Our firm frequently receives calls from injured workers who want to file for workers’ compensation in Atlanta, but who are extremely apprehensive about employer retaliation. They fear that they’ll get fired if they file a claim or report their injuries. We have witnessed workers whose employers gave them light duty after their injury, but slowly moved them to more strenuous work. The employees then wonder whether or not they should quit because their bodies just can’t handle the strain.
While there are always some risks when dealing with self-serving employers, the law does provide injured workers a degree of protection from employer retaliation.
Worker and Employer Rights in Georgia
Georgia is an at-will employment state. This means that employers can fire workers at any time, for any reason, and without notice. They also can do things such as change the pay rate or reduce or cease benefits at will. Likewise, employees in an at-will employment state have the right to quit whenever they want, without cause and without notice.
Naturally, workers who’ve been hurt on the job fear that the employer will fire them (because they have the right to) if they file a workers’ compensation claim. The law provides protection for this situation, however. Employers are not permitted to retaliate against workers when they take a legally protected action, such as filing for workers’ compensation. In other words, because of anti-retaliation provisions, your employer is not allowed to fire you simply because you file for workers’ compensation.
For a free legal consultation, call (404) 888-8888
Examples of Employer Retaliation After a Work Injury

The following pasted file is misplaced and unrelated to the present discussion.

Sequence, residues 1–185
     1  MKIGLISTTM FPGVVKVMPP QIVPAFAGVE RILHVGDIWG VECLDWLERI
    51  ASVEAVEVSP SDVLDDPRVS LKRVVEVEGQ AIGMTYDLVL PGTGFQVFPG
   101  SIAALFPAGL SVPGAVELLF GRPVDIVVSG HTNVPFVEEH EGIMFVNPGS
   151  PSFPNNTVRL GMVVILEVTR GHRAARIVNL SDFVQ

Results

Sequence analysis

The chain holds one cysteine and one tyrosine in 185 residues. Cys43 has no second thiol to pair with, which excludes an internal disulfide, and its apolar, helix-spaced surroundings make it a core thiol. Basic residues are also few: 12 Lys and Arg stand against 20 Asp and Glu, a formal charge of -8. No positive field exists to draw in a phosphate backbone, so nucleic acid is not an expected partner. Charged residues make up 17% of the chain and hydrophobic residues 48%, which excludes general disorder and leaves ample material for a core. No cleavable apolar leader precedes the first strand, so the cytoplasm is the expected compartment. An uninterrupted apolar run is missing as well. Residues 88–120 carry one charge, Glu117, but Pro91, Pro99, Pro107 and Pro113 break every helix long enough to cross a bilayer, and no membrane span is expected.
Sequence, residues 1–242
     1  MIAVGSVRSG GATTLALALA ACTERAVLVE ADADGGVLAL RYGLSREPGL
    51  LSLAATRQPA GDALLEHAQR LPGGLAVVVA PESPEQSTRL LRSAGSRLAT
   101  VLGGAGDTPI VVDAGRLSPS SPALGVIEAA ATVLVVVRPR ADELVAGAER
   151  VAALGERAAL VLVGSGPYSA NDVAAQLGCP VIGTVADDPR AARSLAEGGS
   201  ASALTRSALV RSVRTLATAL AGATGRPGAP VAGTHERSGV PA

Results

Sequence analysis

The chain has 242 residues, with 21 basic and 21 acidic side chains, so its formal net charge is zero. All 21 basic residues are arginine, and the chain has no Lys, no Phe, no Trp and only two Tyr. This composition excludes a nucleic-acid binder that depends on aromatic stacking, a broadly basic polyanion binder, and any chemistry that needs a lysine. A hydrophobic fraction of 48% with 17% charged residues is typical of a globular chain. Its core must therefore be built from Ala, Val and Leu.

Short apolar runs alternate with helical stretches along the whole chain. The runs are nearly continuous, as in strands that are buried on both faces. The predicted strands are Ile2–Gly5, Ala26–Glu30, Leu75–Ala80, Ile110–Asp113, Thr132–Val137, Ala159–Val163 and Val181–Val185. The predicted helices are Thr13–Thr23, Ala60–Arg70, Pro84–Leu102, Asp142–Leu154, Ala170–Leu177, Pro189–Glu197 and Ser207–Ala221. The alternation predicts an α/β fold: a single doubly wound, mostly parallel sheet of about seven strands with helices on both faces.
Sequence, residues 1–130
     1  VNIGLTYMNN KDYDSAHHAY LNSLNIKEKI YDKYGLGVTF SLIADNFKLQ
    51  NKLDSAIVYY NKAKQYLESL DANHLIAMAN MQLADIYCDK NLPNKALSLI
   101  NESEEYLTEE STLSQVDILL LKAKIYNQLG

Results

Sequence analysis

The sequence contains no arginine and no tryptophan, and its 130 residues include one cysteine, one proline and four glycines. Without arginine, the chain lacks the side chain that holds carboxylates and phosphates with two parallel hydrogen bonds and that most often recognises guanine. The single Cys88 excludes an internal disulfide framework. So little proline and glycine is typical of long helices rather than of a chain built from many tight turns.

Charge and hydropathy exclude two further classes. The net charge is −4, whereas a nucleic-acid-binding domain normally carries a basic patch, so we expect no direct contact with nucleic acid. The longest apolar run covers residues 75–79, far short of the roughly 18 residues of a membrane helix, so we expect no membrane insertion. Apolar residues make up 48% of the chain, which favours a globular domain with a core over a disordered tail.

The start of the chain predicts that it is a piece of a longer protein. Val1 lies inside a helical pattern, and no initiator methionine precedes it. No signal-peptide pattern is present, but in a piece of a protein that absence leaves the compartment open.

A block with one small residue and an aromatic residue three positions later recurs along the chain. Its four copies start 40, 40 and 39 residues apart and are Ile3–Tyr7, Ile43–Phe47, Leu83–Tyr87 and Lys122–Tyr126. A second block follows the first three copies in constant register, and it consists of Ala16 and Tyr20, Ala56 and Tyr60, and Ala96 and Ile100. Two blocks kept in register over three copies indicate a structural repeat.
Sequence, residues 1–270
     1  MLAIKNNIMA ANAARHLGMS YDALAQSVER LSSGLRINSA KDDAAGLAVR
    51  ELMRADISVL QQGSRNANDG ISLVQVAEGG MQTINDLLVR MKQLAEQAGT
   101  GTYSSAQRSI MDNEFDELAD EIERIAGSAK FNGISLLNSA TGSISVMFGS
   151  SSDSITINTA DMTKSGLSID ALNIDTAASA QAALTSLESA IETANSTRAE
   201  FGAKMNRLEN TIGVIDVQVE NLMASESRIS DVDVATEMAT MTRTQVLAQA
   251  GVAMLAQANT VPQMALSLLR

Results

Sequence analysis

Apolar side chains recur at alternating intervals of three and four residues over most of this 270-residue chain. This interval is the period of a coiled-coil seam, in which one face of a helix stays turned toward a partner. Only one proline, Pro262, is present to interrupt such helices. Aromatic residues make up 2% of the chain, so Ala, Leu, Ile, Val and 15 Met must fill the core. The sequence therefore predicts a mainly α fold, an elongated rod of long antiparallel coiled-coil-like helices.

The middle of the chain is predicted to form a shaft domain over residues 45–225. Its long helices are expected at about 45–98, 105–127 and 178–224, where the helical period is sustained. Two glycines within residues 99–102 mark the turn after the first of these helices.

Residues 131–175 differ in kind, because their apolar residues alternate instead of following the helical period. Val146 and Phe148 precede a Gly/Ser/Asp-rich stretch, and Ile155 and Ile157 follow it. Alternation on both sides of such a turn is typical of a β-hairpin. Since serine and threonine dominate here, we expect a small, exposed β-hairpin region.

If the employer fires or mistreats you after you file for workers’ compensation, you should speak to an Atlanta attorney about filing a retaliation claim. The courts will examine the surrounding circumstances to see if there is a link between your termination and your workers’ compensation claim.
For example, if the court finds any the following, it’s possibly a verifiable case of employer retaliation:
- The employer fired you shortly after you filed a claim;
- Management made some kind of comment that showed retaliatory intent, e.g., “We shouldn’t have to pay for Bob’s accident. He’s clumsy, and it was his fault anyway. We’ll fix that!”; or
- You had an excellent track record and were a good employee. You did nothing to require disciplinary action yet were fired suddenly.
Contact Bader Scott Injury Lawyers about Workers’ Compensation Retaliation
Employers may not be allowed to fire you because you file for workers’ compensation, but that doesn’t mean they won’t try to come up with other excuses for termination. If you are fearful about losing your job or being treated poorly because of your injury, we encourage you to contact Bader Scott Injury Lawyers, for help. In our experience, employers are far less likely to fire a worker when he or she has an attorney. Contact us today at (404) 888-8888 for a free consultation.